How to Cut and Eat a Rambutan Fruit
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Last updated: September 25, 2022
In this article, I will explain how best to cut and eat rambutans, and I will also share some of my favorite ways to enjoy fresh rambutan fruit in recipes.
Somewhere between a sea urchin having a bad hair day and a brightly colored alien lifeform is the rambutan.
Given its odd appearance, I don’t blame you for having some questions about how to handle it. Most notably, how do you cut and eat a rambutan fruit?
Read on, and find out how to cut that hairy, leathery skin of the rambutan to get to the deliciously smooth sweet-sour flesh.
Originally from Southeast Asia but now common in many tropical locales, rambutan fruits are quite popular with anyone who’s had the opportunity to try one.
These odd-looking fruits, which are about the size of a kiwi, have a thick, leathery, pink-red shell with greenish-yellow “hairs” growing off of them.
Inside, the smooth white flesh has a texture similar to a pear or peeled grape and tastes sweet and sour with floral undertones. The flavor is similar to the closely related lychee but slightly less sweet.
To eat a rambutan, you have to cut through that tentacley skin. For this, it’s best to use a small, sharp knife. A paring knife, or other non-serrated knife, will work best.
- Hold the fruit in one palm, securing it with your fingers while exposing enough of the rind to use the knife safely.
- Pierce the skin in the center of the fruit using the tip of the knife.
- Run the knife horizontally around the middle of the fruit, applying just enough pressure to cut through the 2 to 4mm thick skin.
- Once you have cut all the way around, use your thumb to carefully slide one side of the peel off the slick fruit inside.
- Gently squeeze the remaining peel to pop the fleshy fruit out.
- If you have a “freestone” variety of rambutan, make a small slit in the top of the flesh and squeeze the pit out. If you have a “clingstone” variety, you’ll have to cut the pit out or eat around it.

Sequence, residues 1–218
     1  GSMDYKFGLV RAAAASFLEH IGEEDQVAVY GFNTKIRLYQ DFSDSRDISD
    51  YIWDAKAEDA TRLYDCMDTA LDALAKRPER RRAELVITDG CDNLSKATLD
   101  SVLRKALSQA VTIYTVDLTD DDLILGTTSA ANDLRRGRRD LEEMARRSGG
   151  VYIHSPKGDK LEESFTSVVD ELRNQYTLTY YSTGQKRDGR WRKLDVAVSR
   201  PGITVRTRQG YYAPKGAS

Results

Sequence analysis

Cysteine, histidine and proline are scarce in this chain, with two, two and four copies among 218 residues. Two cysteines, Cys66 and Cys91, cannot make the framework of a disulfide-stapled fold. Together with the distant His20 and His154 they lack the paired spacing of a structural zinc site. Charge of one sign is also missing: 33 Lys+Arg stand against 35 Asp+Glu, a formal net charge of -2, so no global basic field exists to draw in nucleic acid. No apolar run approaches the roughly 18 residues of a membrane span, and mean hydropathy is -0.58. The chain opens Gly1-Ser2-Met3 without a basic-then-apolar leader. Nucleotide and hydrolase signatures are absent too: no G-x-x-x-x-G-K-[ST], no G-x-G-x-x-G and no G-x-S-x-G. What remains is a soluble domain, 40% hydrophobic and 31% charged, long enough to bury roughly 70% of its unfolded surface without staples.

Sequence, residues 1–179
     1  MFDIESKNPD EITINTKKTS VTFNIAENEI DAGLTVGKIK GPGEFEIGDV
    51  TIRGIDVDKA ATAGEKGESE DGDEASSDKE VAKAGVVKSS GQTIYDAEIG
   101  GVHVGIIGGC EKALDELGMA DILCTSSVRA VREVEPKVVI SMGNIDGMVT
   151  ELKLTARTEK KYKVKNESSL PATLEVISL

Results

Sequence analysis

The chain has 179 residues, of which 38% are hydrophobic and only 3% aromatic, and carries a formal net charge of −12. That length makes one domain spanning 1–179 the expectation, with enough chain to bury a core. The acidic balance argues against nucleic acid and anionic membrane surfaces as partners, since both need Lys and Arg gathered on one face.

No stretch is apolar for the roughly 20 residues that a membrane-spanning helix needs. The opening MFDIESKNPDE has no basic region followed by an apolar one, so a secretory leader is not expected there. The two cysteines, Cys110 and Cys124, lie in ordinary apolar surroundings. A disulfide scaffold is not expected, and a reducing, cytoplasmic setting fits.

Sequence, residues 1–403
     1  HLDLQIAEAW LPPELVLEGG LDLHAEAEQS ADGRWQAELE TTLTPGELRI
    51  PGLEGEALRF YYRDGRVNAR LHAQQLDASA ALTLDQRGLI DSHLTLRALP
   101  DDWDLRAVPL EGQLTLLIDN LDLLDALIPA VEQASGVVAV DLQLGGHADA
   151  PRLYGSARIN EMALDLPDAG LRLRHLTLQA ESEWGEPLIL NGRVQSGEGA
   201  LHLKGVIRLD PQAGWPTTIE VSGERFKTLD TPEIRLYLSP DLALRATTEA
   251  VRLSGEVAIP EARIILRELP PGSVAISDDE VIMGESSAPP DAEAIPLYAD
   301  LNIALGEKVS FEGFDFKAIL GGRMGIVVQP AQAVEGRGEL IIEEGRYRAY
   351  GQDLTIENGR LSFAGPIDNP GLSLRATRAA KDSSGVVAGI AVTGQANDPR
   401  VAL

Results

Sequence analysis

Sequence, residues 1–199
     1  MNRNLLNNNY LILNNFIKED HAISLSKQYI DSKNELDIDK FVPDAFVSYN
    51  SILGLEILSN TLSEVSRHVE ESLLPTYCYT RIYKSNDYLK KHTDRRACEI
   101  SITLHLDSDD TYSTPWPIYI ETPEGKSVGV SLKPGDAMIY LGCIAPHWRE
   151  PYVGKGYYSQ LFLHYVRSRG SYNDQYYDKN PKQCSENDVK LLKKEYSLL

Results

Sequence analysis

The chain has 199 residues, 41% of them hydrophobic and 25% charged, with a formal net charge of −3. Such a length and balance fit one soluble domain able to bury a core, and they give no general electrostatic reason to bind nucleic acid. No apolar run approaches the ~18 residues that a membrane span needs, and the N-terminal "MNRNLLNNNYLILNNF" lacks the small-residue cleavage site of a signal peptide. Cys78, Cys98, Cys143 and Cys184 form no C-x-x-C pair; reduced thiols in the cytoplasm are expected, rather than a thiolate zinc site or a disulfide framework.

- Your rambutan is ready to eat! You can enjoy it whole (minding the pit) or cut it up and add it to your favorite dish.
The inner flesh of the rambutan fruit is solid and separate from the outer rind. It will pop out of the skin easily with a little pressure.
Ripe fruits are distinguished by their bright red skin, as opposed to underripe fruit, which will be yellow or orange.
Don’t peel your rambutan until you plan to use it, as the fruit will spoil quickly and lose nutrients and flavor, even if kept cool. Store unpeeled rambutan in a paper bag inside the humidity drawer in your fridge.
The sweet and delicate rambutan fruit is most often enjoyed fresh out of the alien packaging. But it also makes a great addition to many dishes. Here are a few of my favorite ways to enjoy rambutan.
Any greens salad that typically features grapes, pears, or dried cherries will benefit from a tropical makeover by substituting sliced rambutan. It has the perfect tart but sweet flavor to offset bitter greens and creamy goat cheese, and a familiar texture that won’t change the character of the dish.
Whether you are putting together a traditional fruit salad with berries, apples, and bananas, or a more tropical bowl with mangos and pineapple, sliced or cubed rambutan goes great with them all.
Want an easy, low-calorie way to add some tropical flavor to your yogurt and granola? Chopped rambutan adds a sweet and sour vibe without piling on the carbs.
Jam and Jelly
You can make rambutan jam or jelly the same way you would any tropical fruit. Or, for the same effect without the work, mash up the sweet flesh with a dollop of agave and spread it over your morning toast.
Use your ice cream maker to add some subtle tropical rambutan vibes to your next batch. Use lime juice and honey to accent the flavors. It also makes a great topping for vanilla ice cream and frozen yogurt.
Use rambutan jam or smashed rambutan to create a delicious marinade for pork. It pairs surprisingly well with chicken, too.
Pair smashed rambutan with lime, vanilla, coconut, or other tropical flavors and mix with gin, vodka, or rum for a delightfully smooth adult beverage.
The pleasing texture of rambutan fruit makes it a great addition to coconut curries. It pairs especially well with pineapple, ginger, and spicy peppers.
Fresh with a Twist
Add some lime juice and cayenne pepper to freshly sliced rambutan for a tasty snack. Or try a drizzle of honey and a sprinkle of cinnamon.